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Explained: The Difference Between LMS And LCMS

By Contributing Author

The elearning industry has come far in recent years and it is expected to grow exponentially in the coming years as well. Forbes predicts that this growth will make the elearning industry worth more than $325 billion in the next five years.

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When a market grows this much, niche products that address specific pain points start populating the market.

A learning content management system is one such product. 

However, it is often confused as a fancier name for a learning management system.

As far as training software go, the two surely have a few similarities and there is also a small overlap in the features offered by the two software. For instance, both systems offer the capability to host and deliver digital content and both systems are SCORM compliant.

However, the core function of the two systems is not the same. In other words, both LMS and LCMS solve different problems.

Let’s understand more by looking at both types of software in a little more detail:

Learning Management Systems

A learning management system is designed to manage the administrative side of delivering training. This includes storing and distributing training content, assigning different (relevant) courses to different learners, and keeping track of the completion rates. 

Learning management systems also enable the delivery of different training assets, such as videos and instructor-led sessions to learners.

No learning management system is designed to create content. These platforms only act as a repository for training content that is created on a separate software like a learning content management system. Even when it comes to updating existing training content, it needs to be done with a learning content management system and then uploaded to the learning management system.

Applications Of A Learning Management System:

  • Storing training content in one accessible place, usually on the cloud
  • Distributing training content to learners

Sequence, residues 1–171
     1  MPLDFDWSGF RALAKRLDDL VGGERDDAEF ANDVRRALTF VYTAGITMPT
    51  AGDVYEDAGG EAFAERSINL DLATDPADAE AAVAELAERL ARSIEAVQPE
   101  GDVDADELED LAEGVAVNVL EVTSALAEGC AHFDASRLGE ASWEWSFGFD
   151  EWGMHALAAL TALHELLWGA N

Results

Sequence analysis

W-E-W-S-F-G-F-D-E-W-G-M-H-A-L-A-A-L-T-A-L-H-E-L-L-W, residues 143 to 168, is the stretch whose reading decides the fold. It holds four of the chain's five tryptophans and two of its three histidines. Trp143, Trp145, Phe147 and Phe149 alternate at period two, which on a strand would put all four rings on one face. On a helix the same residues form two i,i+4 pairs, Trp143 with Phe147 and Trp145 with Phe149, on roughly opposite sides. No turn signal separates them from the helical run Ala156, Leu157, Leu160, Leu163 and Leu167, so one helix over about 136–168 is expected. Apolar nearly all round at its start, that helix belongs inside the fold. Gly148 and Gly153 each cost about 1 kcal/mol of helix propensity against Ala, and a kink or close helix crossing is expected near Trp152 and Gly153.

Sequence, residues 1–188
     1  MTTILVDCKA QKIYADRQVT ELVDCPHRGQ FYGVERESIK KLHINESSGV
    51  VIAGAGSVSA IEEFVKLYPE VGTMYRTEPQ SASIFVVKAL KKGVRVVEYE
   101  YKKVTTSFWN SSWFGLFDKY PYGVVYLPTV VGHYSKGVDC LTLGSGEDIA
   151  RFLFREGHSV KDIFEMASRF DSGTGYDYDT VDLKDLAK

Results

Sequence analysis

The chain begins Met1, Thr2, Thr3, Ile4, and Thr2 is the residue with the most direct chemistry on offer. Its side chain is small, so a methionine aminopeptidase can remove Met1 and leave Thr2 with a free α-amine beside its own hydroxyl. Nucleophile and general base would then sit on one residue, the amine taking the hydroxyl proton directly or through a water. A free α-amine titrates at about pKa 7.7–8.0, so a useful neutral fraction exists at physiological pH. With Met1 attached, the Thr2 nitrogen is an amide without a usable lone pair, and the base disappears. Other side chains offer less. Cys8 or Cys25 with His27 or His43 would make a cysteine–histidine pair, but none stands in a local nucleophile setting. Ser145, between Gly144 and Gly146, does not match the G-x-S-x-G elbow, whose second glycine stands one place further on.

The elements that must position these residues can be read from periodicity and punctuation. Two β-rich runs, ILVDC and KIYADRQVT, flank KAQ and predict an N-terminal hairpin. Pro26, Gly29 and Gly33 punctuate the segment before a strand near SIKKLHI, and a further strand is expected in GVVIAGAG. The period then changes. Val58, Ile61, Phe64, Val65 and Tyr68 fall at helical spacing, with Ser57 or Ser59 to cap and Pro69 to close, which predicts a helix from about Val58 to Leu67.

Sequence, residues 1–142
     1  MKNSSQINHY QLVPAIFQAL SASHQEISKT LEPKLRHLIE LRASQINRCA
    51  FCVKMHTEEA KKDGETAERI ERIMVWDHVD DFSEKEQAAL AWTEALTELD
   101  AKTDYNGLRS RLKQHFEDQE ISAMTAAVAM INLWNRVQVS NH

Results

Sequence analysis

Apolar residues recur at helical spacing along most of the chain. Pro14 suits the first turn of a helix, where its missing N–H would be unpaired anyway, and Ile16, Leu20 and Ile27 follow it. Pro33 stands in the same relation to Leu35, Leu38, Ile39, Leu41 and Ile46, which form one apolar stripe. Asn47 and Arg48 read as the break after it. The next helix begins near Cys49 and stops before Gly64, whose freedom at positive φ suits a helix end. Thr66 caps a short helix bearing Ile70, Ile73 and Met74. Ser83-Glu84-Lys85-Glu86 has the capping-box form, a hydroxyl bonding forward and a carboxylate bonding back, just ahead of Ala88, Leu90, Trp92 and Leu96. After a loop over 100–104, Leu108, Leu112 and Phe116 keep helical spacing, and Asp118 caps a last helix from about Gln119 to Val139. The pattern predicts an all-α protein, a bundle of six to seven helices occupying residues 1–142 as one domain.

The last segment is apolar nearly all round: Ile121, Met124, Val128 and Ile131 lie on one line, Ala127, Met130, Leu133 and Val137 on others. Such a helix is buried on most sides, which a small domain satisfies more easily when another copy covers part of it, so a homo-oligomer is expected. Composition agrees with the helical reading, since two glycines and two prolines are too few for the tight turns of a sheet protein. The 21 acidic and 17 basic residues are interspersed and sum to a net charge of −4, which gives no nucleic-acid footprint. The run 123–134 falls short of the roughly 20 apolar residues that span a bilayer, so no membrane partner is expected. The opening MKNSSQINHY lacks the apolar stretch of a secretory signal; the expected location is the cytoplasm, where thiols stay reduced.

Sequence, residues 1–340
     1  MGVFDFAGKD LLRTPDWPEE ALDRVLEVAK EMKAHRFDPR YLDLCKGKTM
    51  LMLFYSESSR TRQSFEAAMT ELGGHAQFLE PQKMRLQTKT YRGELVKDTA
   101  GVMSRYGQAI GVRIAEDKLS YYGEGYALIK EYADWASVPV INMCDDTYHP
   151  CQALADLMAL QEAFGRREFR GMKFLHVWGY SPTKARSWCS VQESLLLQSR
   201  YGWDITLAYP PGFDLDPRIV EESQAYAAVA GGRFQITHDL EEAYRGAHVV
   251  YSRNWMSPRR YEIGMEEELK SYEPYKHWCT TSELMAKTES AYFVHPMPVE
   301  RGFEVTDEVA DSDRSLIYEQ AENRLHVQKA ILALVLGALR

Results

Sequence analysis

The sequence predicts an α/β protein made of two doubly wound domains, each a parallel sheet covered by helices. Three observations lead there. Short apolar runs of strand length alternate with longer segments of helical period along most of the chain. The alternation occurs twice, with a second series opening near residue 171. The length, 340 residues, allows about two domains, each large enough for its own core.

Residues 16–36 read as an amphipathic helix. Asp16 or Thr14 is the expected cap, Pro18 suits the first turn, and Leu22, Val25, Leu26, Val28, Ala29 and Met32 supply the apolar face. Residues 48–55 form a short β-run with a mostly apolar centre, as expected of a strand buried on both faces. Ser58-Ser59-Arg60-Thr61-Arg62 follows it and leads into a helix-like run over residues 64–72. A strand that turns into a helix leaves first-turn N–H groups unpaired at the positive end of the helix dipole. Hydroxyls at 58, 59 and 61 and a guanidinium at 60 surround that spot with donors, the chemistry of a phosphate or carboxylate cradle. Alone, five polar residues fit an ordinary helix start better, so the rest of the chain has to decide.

• Managing learning paths and experiences of different learners (based on things like aptitude, existing knowledge, job roles, function, growth prospects, etc.)
  • Tracking learner progress through a course. Most LMS offer the ability to track the progress of multiple different learners in one place

Now that we have understood what learning management systems are and the functions they serve, let’s understand the same about a learning content management system.

Learning Content Management System

A learning content management system, as the name suggests, has content at its core. It allows course creators to create, store, distribute, manage, and track training content on a single online platform.

Learning content management systems allow multiple creators to collaborate on a synced platform. It enables them to update and publish elearning content assets without hassle. 

With a learning content management system, learning administrators can also repurpose and reuse content assets from one course in a different course. With features like tagging and metadata, course creators can deliver content tailored to a learner’s needs. Content can be filtered on the basis of job role, region, product, among many other similar metrics.

Most learning content management systems work in tandem with a learning management system. The content created in a learning content management system is distributed and managed on a learning management system.

Applications Of A Learning Content Management System:

  • Storage of content on the cloud
  • Single platform for content creators to collaborate in real-time
  • Publishing training content on a number of different devices, platforms and in a number of different formats like HTML5 and SCORM
  • Ability to personalize training content being delivered to learners through a learning management system


As you can see, these two systems may have similar-sounding names, but they serve different (but complementary purposes. LCMS and LMS should be used in conjunction to drive the best results.



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